Petr Gajdušek, State Secretary, Ministry of Foreign Affairs, Czech Republic
Ivan Korčok, State Secretary, Ministry of Foreign and European Affairs, Slovakia 
Péter Szijjártó, Minister of Foreign Affairs and Trade, Hungary
Witold Waszczykowski, Minister of Foreign Affairs, Poland
10:45 a.m. – 11:15 a.m.
11:15 a.m. – 12:45 p.m.
Reforming NATO for the 21st Century
Even though NATO is the most successful military alliance in human history, it cannot afford to rest on its laurels. From “out of area or out of business” to the restoration of contingency planning and territorial defense, NATO now faces new challenges as it responds to the Trump administration’s focus on countering terrorism, and develops new capabilities in cyber and information warfare. The administration’s insistent demand for higher defense spending requires most NATO members to rebuild the political consensus which sustained alliance efforts during the Cold War. How should NATO decision-makers react?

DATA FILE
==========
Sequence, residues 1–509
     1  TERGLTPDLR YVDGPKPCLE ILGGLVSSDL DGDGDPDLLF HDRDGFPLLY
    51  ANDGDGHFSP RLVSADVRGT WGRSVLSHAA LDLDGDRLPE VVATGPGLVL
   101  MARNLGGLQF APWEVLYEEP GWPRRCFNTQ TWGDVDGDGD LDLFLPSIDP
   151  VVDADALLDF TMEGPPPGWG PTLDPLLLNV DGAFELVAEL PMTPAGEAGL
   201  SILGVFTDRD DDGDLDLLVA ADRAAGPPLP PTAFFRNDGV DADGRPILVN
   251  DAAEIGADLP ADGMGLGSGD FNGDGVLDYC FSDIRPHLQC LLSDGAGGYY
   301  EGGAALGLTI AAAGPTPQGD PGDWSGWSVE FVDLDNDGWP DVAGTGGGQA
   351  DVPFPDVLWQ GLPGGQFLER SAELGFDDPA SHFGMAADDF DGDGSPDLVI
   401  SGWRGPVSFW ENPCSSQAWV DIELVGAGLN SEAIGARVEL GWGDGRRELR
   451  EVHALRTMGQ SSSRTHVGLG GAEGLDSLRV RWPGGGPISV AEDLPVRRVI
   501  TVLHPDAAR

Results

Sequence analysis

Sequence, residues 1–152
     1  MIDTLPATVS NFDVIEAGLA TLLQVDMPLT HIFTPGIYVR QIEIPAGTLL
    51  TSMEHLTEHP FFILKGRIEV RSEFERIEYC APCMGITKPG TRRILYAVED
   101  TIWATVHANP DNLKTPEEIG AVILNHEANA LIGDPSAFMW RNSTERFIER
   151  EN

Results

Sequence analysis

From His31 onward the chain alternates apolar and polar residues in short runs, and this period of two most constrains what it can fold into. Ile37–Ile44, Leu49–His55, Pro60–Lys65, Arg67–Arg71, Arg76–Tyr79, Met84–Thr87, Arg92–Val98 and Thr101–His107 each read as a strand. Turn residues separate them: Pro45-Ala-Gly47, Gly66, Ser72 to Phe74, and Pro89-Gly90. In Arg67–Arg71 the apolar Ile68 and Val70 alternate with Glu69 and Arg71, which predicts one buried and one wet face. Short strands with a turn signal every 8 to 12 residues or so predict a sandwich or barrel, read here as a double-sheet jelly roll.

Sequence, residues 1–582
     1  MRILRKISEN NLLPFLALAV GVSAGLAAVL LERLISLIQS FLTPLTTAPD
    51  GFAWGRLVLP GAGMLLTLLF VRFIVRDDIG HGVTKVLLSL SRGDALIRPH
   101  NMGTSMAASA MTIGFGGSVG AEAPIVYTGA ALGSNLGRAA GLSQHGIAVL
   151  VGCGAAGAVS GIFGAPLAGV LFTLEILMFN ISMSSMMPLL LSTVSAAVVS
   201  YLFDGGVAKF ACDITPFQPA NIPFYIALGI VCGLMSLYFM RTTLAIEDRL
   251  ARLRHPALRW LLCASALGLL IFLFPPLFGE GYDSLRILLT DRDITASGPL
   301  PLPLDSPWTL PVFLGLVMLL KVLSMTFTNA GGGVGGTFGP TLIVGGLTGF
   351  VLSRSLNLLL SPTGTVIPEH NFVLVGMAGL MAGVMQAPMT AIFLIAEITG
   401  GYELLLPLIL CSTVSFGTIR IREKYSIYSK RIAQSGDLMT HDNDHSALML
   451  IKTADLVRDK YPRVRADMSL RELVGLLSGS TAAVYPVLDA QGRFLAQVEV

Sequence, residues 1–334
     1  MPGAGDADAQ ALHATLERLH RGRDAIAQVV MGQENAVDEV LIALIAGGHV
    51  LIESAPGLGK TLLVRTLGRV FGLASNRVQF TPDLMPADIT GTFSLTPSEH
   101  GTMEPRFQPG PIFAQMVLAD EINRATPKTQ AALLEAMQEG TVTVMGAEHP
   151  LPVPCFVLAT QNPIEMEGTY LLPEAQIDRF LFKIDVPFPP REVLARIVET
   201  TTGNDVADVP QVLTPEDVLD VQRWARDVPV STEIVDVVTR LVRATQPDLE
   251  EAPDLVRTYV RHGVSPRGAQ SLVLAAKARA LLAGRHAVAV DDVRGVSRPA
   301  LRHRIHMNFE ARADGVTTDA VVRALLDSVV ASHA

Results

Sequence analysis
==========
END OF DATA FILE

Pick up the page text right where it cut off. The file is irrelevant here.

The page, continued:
MODERATOR: Peter B. Doran, Executive Vice President, CEPA
Jānis Garisons, State Secretary, Ministry of Defense, Latvia
Lt. Gen. Ben Hodges, Commander, U.S. Army Europe
Daniel Kostoval, Deputy Minister of Defense, Czech Republic
Jüri Luik, Minister of Defense, Estonia
Antoni Macierewicz, Minister of Defense, Poland
12:45 p.m. – 1:30 p.m.
1:30 p.m. – 3:00 p.m.
The Future of Transatlantic Relations: The Impact of U.S.-Russia Relations on Euro-Atlantic Security
America has a superpower’s priorities; the frontline states have theirs. The task for Atlanticists is to minimize and manage the tension between these two sets of goals. Worries about a sudden grand bargain between the United States and Russia have abated in 2017, but what might the next phase in this relationship bring? Washington has urged Moscow to cease its destabilizing activities in Ukraine, to join a common effort against terrorism, and to stand in the defense of Western civilization. How should transatlantic leaders interpret the administration’s opening moves; and where do the biggest risks and opportunities exist for synchronizing interests with allies on core issues like energy and security?
MODERATOR: Janusz Bugajski, Senior Fellow, CEPA